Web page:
Face to Face: Polar Portraits
25 July – 13 September 2008
The collections held by the Scott Polar Research Institute, University of Cambridge, are among the richest in the world for the study of polar environments. Work began in 2007 on the Freeze Frame project to capture and preserve the archive of historical images in digital form.
The project has digitised over 20,000 photographic negatives from 1845, some of the very earliest imagery, through to the 1980s, representing some of the most important visual records of British and international polar exploration. This archive includes daguerreotypes, magic lantern slides, glass plate negatives and modern cellulose formats. Many of these images are unpublished, rediscovered within private albums and personal collections. Most have never been before the public eye.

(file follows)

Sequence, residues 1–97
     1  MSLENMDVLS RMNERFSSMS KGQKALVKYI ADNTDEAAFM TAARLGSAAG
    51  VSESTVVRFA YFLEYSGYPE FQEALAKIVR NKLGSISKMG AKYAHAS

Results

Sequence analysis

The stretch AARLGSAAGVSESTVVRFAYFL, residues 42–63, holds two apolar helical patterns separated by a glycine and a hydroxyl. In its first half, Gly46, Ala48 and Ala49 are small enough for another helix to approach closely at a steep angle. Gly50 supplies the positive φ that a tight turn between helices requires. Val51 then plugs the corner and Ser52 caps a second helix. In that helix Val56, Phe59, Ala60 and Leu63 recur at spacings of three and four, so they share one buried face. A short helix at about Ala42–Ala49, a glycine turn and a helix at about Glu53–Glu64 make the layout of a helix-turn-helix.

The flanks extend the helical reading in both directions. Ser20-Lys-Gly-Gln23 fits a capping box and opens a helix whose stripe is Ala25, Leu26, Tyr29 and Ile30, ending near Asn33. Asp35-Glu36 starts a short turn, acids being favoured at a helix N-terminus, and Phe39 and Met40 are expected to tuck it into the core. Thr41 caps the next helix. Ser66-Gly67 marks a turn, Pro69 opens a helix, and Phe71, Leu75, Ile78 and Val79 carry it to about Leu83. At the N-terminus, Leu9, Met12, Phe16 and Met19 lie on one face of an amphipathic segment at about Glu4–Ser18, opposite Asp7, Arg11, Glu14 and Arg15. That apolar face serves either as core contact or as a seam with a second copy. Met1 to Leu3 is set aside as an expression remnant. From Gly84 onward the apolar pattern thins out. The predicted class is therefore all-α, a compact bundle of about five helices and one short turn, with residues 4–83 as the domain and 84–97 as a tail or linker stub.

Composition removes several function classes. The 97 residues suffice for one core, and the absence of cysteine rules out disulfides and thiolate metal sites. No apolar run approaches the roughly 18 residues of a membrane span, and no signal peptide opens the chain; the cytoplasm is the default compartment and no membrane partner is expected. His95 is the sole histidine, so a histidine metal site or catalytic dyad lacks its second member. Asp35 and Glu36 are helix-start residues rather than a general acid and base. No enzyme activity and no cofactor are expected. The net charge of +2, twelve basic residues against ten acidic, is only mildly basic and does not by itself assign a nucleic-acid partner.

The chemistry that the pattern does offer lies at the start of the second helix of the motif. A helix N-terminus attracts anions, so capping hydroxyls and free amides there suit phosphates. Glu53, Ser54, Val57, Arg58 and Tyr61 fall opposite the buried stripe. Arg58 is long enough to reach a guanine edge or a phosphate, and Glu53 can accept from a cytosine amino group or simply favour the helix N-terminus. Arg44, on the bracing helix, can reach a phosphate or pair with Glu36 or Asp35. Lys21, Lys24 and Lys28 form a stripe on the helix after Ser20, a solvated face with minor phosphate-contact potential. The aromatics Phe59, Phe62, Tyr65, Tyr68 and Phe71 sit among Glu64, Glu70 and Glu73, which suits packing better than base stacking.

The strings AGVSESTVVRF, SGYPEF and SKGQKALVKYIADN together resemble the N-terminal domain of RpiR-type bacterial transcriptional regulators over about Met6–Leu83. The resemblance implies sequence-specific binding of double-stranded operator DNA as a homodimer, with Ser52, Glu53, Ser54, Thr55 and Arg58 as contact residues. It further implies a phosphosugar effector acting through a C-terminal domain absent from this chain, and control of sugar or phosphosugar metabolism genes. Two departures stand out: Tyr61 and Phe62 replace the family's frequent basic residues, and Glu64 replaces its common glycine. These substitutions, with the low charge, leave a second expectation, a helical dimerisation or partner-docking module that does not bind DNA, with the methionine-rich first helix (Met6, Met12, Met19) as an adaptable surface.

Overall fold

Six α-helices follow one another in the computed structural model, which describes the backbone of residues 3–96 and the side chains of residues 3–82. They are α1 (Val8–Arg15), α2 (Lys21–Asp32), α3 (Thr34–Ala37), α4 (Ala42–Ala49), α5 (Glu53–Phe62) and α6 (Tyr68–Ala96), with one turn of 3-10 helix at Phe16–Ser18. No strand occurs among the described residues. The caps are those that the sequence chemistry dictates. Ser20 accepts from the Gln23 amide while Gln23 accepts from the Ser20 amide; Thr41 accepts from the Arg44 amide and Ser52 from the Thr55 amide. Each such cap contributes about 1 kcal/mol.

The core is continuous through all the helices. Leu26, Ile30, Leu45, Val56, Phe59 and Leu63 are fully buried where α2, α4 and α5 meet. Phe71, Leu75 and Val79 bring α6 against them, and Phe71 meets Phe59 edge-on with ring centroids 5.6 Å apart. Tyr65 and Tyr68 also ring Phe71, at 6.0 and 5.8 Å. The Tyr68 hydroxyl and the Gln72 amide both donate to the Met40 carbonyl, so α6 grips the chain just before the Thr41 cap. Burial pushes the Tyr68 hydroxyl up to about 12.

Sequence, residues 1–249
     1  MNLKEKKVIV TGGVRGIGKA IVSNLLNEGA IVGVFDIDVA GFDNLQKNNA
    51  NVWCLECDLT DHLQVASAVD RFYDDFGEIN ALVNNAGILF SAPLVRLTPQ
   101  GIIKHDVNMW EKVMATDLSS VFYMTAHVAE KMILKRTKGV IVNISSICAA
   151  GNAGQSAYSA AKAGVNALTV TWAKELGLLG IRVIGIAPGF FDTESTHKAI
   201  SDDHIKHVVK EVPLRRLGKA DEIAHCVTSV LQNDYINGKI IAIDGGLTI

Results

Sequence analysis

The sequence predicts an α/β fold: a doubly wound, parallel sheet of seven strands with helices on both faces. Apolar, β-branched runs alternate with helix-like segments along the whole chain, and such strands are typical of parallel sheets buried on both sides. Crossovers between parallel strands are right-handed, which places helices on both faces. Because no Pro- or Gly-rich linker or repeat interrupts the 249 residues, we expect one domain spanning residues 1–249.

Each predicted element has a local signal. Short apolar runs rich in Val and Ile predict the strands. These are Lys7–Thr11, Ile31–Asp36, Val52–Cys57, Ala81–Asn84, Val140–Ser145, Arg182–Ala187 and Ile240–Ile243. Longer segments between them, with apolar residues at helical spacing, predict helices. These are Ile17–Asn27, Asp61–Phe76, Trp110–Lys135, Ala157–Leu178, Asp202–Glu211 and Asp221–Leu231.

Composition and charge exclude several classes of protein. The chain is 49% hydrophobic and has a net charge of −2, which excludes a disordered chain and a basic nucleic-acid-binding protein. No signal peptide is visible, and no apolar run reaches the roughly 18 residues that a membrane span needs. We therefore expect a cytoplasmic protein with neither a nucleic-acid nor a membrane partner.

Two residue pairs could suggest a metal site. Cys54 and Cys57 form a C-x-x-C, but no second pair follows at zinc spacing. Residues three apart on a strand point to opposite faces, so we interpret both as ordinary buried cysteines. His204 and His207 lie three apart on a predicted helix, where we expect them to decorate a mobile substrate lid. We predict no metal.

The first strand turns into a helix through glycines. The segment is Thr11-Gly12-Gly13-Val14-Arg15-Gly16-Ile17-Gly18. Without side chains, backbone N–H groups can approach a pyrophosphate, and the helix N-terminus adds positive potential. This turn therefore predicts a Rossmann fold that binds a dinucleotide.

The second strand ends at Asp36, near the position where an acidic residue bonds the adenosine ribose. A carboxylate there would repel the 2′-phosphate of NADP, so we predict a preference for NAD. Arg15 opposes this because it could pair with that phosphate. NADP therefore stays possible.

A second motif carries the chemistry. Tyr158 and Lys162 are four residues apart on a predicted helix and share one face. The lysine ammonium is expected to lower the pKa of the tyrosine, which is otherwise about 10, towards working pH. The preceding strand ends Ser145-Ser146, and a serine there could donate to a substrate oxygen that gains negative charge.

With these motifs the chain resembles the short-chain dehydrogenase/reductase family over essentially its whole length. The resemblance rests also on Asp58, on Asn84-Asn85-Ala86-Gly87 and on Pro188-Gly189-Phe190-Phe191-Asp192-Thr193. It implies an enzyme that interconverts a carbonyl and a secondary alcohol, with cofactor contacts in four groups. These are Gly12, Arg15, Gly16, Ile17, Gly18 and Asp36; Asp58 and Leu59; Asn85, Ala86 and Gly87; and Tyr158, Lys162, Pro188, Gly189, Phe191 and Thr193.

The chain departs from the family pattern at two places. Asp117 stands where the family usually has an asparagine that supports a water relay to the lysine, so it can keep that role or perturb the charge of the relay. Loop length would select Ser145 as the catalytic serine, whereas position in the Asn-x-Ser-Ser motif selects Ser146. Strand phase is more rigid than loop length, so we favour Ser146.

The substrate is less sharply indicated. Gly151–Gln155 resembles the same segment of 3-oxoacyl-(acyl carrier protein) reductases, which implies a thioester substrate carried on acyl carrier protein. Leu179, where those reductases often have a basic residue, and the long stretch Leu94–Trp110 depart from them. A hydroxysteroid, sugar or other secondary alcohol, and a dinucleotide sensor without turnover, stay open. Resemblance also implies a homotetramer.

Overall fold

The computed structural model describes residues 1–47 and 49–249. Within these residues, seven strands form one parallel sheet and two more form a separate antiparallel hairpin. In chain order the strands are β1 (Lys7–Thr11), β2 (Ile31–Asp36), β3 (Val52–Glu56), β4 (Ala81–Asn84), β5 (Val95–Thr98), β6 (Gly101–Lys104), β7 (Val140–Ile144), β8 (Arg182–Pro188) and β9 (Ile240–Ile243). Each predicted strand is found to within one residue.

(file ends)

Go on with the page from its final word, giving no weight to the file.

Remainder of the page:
Focusing on portraiture, FACE TO FACE drew attention to some of this recovered historic imagery, whilst looking to the present and into the future. The project engaged the leading expedition photographer Martin Hartley to add to his acclaimed portfolio by producing a range of new commissions, featuring men and women of many nations, exploring, working, and living in the polar regions today.
This exhibition featured a selection of 50 portraits alongside some unique polar camera equipment from the museum of the Scott Polar Research Institute. It is also available as a touring exhibition and the accompanying book is available from the Museum Shop.
For more information about the photographer Martin Hartley, visit his website: www.martinhartley.com
The Scott Polar Research Institute is pleased to acknowledge the generous support of the following sponsors, who have made this exhibition possible: